The Week in Review
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- Positive economic outlook boosts the S&P500 to record highs
- Federal Reserve recommits to maintaining ultra-loose monetary policy
Over the past week, a number of events and comments impacted the financial markets. On the forefront this week was the IMF global forecast for 2021 and the FOMC minutes released for the last meeting of the committee in mid-March. The International Monetary Fund (IMF) released, on Tuesday, its World Economic Outlook. The IMF projects that global growth is to reach 6% in 2021 and 4.4% in 2022. According to the report, the US is expected to lead the global economic recovery with its GDP projected to rise to 6.4%, revised upward from 5.5% in January.
A day before the economic report was published, US Secretary of Treasury Janet Yellen called for a global minimum corporate tax rate. In her first major address as Treasury Secretary, Ms. Yellen made the case for President Biden’s plan to raise US corporate taxes to fund the proposed $2.3tn infrastructure plan. Janet Yellen’s proposal aims to convince other countries to level the expected higher tax rate in the US, which would be revised from 21% to 28% if the plan passes in its current form. The passage, however, remains largely uncertain and has already faced opposition by Senate Democrats. The big-ticket infrastructure plan is yet to enter heated negotiations.
The Federal Reserve Committed to the Economy
Other major events that unfolded this week include the release of the FOMC minutes from the committee’s March meeting. According to the minutes released on Wednesday, the Federal Reserve vowed to maintain the current accommodative monetary policy unchanged. The Fed reiterated that it will continue its $120bn a month asset purchase program since it provided “substantial support to the economy”. The Fed also vowed to keep interest rates unchanged near zero through 2023.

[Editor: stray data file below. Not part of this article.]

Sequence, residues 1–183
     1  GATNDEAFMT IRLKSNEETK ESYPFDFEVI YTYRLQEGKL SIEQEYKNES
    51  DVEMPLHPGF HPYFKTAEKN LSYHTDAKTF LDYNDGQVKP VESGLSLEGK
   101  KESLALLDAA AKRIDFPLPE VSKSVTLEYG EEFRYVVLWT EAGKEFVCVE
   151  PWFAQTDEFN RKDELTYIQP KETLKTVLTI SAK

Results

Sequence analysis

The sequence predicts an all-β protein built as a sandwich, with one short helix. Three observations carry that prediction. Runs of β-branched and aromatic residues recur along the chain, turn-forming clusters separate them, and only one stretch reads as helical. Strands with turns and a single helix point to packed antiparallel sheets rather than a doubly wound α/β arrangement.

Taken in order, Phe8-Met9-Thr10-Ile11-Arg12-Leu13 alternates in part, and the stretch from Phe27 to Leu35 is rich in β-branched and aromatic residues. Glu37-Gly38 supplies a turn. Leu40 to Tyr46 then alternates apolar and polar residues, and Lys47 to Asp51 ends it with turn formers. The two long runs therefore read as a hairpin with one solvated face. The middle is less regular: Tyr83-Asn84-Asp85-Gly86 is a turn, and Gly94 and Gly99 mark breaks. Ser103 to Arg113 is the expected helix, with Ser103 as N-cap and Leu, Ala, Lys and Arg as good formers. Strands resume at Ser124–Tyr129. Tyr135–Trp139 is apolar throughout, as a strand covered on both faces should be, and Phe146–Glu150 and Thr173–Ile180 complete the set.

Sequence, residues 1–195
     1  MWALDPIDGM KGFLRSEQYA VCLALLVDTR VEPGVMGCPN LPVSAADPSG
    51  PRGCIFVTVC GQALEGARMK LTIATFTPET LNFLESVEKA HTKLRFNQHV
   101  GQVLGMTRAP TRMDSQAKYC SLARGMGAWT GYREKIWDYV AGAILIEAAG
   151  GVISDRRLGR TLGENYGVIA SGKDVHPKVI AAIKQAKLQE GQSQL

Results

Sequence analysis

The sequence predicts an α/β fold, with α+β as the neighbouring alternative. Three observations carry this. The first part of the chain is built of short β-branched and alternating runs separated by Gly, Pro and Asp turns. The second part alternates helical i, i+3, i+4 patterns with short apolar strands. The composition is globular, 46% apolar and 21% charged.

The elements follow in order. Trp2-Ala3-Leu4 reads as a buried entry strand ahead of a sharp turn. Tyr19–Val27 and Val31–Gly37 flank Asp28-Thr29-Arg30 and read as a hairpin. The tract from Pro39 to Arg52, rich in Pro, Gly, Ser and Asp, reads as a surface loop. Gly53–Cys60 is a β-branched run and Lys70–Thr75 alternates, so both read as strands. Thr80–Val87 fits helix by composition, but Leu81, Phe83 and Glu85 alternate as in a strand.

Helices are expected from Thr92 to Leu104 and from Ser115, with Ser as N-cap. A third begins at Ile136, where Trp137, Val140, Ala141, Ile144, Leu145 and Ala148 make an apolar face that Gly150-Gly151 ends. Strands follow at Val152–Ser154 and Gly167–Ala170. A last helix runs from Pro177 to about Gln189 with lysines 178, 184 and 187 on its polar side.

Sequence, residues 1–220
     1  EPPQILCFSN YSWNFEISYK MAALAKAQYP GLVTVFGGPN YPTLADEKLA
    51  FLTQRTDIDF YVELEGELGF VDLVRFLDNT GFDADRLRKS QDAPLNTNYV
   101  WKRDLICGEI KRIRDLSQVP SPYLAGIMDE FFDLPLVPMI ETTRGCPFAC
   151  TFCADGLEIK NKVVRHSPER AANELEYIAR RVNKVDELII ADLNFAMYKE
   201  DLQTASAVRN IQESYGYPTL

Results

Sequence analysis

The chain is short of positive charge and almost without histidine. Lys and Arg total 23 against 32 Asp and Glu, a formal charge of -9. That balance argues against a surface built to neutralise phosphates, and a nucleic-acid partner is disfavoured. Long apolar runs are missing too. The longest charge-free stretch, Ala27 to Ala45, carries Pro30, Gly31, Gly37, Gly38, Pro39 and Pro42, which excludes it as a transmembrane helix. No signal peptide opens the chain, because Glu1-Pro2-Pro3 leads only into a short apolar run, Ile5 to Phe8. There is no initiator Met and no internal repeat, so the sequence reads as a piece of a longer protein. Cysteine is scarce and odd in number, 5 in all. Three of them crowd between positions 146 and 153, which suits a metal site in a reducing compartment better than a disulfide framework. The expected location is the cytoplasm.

Furthermore, the central bank upgraded its economic growth projections for the US to 6.5% this year, revised higher from the 4.2% economic expansion anticipated in December. The Fed also sees an improvement in the unemployment rate to 4.5% by the end of the year. The current unemployment rate stands at 6%. On Thursday, Fed Chairman Jerome Powell appeared in a virtual IMF panel where he discussed the current state of the economy and the Fed’s role in it. Mr. Powell commented that the Fed remains committed to providing help for as long as it takes, at least until the economy fully recovers from the pandemic.
Propelled by the positive growth outlook, the US stock market kept pushing higher as the S&P500 consecutively closed at record highs. The Dow Jones Industrial Average and the Nasdaq Composite also moved up throughout the week and all three benchmark stock gauges ended the week in positive territory.
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